In The Fatal Englishman , his first work of nonfiction, Sebastian Faulks explores the lives of three remarkable men. Each had the seeds of greatness; each was a beacon to his generation and left something of value behind; yet each one died tragically young.
Christopher Wood, only twenty-nine when he killed himself, was a painter who lived most of his short life in the beau monde of 1920s Paris, where his charm, good looks, and the dissolute life that followed them sometimes frustrated his ambition and achievement as an artist.
Richard Hillary was a WWII fighter pilot who wrote a classic account of his
experiences, The Last Enemy, but died in a mysterious training accident while defying doctor’s orders to stay grounded after horrific burn injuries; he was twenty-three.
Jeremy Wolfenden, hailed by his contemporaries as the brightest Englishman of
his generation, rejected the call of academia to become a hack journalist in Cold War Moscow. A spy, alcoholic, and open homosexual at a time when such activity was still illegal, he died at the age of thirty-one, a victim of his own recklessness and of the peculiar pressures of his time.
Through the lives of these doomed young men, Faulks paints an oblique
portrait of English society as it changed in the twentieth century, from the Victorian era to the modern world.
From the Trade Paperback edition.
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|Title of eBook: The Fatal Englishman|
|Release Date: 07-01-2009|
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|Publisher: Knopf Doubleday Publishing Group|
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The Fatal Englishman
One day in the spring of 1921 a beautiful young Englishman set off for Paris to become the greatest painter the world had ever seen. His name was Christopher Wood and he was nineteen years old. Until he took the boat for Calais on 19 March he was working for a fruit importer in the City of London. He was the son of a doctor in the North West of England, and his sudden disappearance to France confirmed his family's worst fears. Although Christopher wore shirts from the best outfitters in Jermyn Street, was well-mannered and polite to his parents, he seemed to have no understanding of middle-class convention. Some combination of circumstances had combined with a fierce streak in his character to make him wild and ambitious. He was determined to be a painter, and the intensity of his desire was frightening to his parents.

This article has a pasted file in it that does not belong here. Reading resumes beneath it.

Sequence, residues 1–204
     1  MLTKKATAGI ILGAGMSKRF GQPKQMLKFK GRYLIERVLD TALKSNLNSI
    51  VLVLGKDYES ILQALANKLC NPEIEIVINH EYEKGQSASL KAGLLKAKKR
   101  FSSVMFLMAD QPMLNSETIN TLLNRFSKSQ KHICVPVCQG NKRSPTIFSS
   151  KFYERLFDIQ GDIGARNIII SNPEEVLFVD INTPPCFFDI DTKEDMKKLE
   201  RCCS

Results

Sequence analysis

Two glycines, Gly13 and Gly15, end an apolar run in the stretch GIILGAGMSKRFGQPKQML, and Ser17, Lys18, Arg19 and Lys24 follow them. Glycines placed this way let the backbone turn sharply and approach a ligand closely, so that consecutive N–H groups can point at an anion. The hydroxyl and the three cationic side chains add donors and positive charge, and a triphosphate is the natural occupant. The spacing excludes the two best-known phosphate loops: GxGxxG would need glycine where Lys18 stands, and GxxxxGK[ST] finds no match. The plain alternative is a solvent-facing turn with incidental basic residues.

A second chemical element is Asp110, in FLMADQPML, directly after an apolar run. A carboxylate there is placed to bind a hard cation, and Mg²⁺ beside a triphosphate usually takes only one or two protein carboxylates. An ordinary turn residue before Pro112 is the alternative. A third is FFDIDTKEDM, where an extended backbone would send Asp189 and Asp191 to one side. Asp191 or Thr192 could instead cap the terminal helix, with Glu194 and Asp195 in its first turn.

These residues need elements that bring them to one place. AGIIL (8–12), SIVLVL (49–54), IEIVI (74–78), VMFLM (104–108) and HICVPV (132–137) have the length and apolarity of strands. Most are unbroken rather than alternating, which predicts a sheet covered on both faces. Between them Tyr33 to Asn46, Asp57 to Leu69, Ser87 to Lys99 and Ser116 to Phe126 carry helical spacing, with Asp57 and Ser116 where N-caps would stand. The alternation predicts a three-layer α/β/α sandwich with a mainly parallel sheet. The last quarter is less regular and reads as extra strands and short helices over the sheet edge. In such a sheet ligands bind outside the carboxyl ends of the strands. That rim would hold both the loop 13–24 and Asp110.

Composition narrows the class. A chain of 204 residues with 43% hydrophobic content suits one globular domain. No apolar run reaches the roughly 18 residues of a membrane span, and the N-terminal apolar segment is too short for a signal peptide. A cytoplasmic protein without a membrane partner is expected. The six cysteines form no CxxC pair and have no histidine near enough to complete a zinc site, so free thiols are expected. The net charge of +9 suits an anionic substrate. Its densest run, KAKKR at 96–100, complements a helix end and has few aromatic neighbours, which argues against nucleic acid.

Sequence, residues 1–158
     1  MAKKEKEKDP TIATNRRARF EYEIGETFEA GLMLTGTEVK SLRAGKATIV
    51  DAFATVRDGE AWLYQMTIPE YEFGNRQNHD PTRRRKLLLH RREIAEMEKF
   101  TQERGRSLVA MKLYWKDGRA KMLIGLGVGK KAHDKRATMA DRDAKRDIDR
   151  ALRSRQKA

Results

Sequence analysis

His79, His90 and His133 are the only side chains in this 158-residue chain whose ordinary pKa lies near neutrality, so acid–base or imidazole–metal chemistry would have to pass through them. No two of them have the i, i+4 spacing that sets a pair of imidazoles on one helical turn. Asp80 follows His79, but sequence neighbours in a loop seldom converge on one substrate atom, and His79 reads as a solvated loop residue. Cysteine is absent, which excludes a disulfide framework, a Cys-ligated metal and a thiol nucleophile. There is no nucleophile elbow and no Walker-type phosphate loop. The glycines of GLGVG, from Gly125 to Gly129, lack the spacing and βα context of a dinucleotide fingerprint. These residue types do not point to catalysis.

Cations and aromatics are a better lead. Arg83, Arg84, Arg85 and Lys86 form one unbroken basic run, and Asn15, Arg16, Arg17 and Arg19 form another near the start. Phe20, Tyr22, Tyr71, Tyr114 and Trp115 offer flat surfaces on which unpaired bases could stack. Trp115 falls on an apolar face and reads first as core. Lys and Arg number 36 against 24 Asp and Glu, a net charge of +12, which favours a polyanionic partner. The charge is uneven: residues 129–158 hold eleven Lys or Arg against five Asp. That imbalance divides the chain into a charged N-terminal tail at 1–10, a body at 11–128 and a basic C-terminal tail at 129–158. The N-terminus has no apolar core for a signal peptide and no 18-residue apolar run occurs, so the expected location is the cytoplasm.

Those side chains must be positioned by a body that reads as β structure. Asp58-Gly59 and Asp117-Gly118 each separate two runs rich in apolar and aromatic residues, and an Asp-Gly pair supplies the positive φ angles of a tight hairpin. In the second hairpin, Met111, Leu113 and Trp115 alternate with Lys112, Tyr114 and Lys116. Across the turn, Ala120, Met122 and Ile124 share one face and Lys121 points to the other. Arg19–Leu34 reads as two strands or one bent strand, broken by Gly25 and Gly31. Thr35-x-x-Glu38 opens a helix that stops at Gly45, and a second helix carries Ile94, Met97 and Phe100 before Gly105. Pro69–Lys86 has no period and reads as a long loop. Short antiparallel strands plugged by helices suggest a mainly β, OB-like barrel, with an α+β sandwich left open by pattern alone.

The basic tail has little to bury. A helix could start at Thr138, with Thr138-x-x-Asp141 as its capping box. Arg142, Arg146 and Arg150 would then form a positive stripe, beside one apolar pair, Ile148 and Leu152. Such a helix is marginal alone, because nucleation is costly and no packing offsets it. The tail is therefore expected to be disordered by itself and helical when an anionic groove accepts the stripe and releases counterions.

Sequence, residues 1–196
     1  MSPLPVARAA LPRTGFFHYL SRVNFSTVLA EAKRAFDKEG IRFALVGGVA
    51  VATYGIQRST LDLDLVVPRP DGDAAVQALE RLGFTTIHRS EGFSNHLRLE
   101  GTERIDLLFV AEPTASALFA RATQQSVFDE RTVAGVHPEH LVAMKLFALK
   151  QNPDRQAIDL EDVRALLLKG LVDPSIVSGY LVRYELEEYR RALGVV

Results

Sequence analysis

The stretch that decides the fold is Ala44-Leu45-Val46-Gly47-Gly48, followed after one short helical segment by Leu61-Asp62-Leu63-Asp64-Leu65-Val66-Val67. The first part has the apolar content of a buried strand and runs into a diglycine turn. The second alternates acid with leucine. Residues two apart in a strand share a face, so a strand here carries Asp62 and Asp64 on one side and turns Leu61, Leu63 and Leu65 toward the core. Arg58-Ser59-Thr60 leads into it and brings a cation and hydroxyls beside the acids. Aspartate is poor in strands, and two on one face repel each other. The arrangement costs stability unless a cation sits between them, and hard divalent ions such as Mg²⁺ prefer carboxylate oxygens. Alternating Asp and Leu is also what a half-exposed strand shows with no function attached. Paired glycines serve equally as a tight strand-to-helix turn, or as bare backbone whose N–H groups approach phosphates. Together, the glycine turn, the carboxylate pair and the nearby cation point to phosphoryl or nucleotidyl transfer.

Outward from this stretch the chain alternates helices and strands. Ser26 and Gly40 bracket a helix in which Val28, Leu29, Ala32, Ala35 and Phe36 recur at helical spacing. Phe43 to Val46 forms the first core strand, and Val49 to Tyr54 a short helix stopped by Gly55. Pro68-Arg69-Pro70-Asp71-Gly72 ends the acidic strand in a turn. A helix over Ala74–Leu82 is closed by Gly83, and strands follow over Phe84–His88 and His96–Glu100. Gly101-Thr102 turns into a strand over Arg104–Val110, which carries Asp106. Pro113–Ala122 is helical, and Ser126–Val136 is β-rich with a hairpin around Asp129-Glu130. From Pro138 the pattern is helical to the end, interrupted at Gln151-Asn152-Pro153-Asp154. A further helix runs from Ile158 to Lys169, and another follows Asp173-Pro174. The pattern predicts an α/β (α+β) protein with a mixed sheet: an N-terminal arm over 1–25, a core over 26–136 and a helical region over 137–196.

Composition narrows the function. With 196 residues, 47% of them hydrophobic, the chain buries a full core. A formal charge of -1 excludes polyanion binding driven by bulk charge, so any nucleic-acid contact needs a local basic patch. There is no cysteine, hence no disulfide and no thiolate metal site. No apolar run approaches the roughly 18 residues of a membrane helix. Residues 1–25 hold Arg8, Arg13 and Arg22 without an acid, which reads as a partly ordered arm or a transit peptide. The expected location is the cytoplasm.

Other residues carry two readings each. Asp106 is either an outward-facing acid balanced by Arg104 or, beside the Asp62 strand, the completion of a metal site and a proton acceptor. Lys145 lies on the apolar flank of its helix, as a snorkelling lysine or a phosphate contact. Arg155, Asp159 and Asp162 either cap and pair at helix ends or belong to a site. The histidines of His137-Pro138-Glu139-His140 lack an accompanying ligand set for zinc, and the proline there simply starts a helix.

Dr Lucius Wood and his wife Clare had two children: Christopher, whom they knew as Kit, and Elizabeth, whom they called Betty. As a child, Kit had his hair cut in a bob and wore smocks. So did Betty. The family was relatively well off; the parents believed in God and the children believed in Father Christmas.
One December Kit wrote:
My dear father Xmas, I want a new good yacht and I want it to be all hollow inside and gun and a top And Betty a big doll and a gun And I want a very sparp chissel and a good screw driver and a good peaint box and mother wants a nice comfy bed With love from Kit and Betty Wood.
He always knew what he wanted, and in his childhood he almost always had it. His mother was devoted to him and he to her. He would gather crocuses for her birthday on 25 March and she repaid him with her doting indulgence. Clare Wood came fr